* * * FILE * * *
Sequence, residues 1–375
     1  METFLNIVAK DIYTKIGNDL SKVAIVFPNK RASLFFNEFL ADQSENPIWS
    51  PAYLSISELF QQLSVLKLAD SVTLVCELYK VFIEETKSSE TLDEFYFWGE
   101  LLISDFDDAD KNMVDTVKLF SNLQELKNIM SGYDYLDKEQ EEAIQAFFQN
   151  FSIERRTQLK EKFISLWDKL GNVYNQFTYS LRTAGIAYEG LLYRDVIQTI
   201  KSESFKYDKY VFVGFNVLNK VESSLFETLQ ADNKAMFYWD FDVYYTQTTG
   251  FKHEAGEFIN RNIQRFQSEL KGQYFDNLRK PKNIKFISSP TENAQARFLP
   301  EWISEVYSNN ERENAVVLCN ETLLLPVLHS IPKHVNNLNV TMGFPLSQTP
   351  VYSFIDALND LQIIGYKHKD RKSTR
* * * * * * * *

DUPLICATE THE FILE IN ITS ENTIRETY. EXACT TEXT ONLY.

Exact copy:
Sequence, residues 1–375
     1  METFLNIVAK DIYTKIGNDL SKVAIVFPNK RASLFFNEFL ADQSENPIWS
    51  PAYLSISELF QQLSVLKLAD SVTLVCELYK VFIEETKSSE TLDEFYFWGE
   101  LLISDFDDAD KNMVDTVKLF SNLQELKNIM SGYDYLDKEQ EEAIQAFFQN
   151  FSIERRTQLK EKFISLWDKL GNVYNQFTYS LRTAGIAYEG LLYRDVIQTI
   201  KSESFKYDKY VFVGFNVLNK VESSLFETLQ ADNKAMFYWD FDVYYTQTTG
   251  FKHEAGEFIN RNIQRFQSEL KGQYFDNLRK PKNIKFISSP TENAQARFLP
   301  EWISEVYSNN ERENAVVLCN ETLLLPVLHS IPKHVNNLNV TMGFPLSQTP
   351  VYSFIDALND LQIIGYKHKD RKSTR